I have always felt that the whole airlines point system and loyalty system is a big giant scam. The bigger the airline, the pointless the whole scheme and its perceived benefits.
This morning, I was flying to Las Vegas, Nevada to attend ServiceNow’s developer conference and judge the startup competition. I usually get to the airport early, even though I have TSA Pre — call it a life long habit. There wasn’t much traffic at the security aisles so within a couple of minutes I was through, and found myself in the airport at 6:45 am, while my flight wasn’t going to take off till 8:30. I know, I am paranoid enough to get to airport that early!
I walked into the United Club (lounge) betting that I would get into it, after all it was a full fare business class ticket. On top, I have Star Alliance Gold and United Premier Platinum status. Surely one of these would get me into the lounge, right? Well, the not-so-polite lady at the front desk has a wonderful way of describing the whole points nonsense — “we can’t just let anyone in here.” (Question: Have you ever met a polite United representative?) And if we let anyone with Premier Platinum or Gold status in here, it will be a zoo. So in other words, you have no business being here.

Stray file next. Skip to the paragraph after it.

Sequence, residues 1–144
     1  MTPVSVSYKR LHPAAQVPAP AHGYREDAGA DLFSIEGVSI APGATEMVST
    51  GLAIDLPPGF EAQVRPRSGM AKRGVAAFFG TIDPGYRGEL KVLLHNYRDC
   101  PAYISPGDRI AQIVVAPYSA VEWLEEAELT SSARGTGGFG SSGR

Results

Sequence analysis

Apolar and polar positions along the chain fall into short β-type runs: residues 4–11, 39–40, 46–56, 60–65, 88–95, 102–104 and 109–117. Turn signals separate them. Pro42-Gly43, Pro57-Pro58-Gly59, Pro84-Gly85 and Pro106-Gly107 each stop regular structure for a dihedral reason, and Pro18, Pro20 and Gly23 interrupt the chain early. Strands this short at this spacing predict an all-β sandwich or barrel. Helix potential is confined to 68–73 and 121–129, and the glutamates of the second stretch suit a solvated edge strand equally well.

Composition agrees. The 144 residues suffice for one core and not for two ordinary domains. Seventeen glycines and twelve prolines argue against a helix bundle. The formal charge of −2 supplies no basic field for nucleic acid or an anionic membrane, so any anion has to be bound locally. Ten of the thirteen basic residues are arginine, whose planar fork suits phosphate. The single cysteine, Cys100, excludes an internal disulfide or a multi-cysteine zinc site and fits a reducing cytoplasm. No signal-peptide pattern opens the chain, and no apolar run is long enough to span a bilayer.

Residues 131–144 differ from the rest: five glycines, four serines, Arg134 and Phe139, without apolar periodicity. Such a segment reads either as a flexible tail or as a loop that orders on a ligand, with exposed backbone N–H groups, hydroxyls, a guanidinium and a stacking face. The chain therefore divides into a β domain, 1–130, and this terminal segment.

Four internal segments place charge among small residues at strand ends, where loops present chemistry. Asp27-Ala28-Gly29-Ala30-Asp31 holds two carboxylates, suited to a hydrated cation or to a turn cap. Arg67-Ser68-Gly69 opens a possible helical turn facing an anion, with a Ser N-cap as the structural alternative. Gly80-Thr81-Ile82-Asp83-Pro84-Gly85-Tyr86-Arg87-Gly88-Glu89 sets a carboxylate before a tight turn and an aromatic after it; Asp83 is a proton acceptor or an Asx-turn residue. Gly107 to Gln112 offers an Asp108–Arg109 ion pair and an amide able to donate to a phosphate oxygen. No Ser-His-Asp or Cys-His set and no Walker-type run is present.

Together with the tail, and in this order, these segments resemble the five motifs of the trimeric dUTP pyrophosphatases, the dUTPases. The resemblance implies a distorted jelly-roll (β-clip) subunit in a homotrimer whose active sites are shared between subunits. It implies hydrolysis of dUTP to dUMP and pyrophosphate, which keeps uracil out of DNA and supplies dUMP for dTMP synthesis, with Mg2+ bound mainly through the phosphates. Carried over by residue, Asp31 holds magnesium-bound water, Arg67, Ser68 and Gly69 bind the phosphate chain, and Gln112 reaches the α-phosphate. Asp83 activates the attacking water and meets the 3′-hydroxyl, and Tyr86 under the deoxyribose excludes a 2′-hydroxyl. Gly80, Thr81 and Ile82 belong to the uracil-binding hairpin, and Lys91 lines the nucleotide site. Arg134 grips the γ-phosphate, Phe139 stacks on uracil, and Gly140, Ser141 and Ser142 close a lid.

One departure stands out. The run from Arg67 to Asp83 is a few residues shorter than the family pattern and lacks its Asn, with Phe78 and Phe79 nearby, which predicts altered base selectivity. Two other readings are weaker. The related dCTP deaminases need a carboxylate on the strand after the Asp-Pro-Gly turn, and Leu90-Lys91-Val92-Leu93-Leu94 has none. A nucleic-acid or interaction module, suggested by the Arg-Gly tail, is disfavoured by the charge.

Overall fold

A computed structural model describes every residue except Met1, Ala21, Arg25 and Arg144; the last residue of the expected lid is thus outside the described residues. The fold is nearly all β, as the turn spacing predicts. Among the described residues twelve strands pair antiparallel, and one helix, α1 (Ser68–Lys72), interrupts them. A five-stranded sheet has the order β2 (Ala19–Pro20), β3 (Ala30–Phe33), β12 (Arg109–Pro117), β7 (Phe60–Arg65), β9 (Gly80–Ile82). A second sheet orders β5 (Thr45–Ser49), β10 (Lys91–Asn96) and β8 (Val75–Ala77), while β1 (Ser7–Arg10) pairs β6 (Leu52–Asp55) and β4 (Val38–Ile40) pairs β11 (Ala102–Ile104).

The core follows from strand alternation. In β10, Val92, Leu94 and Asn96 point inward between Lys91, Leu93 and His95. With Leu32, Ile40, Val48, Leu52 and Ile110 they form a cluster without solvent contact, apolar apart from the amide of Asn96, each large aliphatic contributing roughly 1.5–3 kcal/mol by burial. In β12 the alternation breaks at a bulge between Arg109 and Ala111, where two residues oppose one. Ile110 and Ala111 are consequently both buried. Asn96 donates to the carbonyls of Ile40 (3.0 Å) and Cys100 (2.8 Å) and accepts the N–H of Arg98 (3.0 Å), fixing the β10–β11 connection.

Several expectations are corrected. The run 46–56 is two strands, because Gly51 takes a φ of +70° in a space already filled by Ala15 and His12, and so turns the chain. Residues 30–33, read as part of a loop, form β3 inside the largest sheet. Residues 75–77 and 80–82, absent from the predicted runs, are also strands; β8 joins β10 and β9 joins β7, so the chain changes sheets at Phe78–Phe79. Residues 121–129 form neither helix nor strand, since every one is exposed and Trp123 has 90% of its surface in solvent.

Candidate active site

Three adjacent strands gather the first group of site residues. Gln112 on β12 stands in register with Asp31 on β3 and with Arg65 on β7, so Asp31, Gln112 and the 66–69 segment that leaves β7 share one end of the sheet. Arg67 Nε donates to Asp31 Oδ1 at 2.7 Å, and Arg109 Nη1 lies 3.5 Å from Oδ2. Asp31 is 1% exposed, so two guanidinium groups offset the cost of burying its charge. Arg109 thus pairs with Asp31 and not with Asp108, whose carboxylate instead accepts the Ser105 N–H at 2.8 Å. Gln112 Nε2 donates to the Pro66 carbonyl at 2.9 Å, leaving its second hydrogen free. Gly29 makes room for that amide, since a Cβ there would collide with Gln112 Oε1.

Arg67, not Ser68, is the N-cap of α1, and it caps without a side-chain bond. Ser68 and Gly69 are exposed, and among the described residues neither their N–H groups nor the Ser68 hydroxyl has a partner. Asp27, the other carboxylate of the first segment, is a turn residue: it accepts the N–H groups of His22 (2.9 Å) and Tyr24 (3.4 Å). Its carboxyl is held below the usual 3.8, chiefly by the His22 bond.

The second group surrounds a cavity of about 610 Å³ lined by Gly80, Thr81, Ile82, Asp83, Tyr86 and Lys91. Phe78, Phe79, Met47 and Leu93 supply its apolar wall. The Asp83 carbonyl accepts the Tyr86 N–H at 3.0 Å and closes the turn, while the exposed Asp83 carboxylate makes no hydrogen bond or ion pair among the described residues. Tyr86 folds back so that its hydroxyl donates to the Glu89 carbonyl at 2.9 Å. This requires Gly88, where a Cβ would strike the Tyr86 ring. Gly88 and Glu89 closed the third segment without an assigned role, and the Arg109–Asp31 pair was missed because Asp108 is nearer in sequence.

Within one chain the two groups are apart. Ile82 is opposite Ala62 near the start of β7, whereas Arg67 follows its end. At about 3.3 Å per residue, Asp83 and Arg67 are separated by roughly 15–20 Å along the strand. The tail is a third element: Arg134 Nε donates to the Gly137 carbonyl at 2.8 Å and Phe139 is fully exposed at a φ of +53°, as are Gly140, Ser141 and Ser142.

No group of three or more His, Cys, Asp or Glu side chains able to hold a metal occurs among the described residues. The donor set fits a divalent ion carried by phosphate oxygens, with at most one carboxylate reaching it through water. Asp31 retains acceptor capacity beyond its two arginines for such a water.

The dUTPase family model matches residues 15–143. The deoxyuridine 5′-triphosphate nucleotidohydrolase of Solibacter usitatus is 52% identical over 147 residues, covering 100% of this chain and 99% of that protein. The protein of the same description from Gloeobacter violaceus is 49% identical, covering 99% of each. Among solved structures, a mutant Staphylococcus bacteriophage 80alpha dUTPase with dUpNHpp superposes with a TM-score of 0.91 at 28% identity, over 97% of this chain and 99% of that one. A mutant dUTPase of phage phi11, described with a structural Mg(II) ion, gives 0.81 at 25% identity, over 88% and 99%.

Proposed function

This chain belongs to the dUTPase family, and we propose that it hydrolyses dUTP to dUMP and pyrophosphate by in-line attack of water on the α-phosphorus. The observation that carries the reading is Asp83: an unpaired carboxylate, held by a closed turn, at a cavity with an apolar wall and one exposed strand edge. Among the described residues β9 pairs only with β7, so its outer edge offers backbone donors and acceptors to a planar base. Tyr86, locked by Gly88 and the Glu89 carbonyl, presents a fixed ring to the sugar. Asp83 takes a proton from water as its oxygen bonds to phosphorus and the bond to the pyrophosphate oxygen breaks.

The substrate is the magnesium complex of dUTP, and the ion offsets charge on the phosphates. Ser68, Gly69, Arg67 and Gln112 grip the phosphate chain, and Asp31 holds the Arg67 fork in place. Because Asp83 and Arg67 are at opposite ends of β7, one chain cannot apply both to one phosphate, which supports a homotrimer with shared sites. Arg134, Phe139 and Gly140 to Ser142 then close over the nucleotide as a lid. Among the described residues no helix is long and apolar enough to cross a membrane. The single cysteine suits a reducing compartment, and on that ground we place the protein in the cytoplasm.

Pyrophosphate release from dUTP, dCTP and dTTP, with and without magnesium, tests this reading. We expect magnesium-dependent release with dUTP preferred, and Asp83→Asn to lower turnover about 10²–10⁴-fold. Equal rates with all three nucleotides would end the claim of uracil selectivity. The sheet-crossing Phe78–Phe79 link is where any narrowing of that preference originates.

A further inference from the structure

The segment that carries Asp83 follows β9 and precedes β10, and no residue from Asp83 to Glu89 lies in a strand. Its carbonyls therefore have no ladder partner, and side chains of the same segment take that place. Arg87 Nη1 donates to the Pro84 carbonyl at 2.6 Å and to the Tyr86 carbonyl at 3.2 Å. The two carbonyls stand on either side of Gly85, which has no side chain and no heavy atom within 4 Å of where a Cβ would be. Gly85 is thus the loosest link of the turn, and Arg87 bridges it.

Hmmm! So this is the airline which wants my business, that emails me every day, and when I get a business class ticket, it says move along fella! Why do I want to spend my dollars with them anyway. My bruised feelings aside, the points and loyalty programs are pretty worthless as they get bigger and bigger. This leads to devaluation of the points, and stratification of customer base, which doesn’t really inspire loyalty. If you want to maximize the value of such programs — especially the airline points — you need to be a wizard and apply some special skills. (There is a cottage industry of websites to help you do just that.)
In the old country, we have a caste system. United and other airlines have privatized that idea — and in the process made a shit ton of money doing it. Maybe that is why it is almost better to just be polyamorous when it comes to your choice of flying partners and ignore brands selling loyalty programs. Right?
May 8, 2019, San Francisco.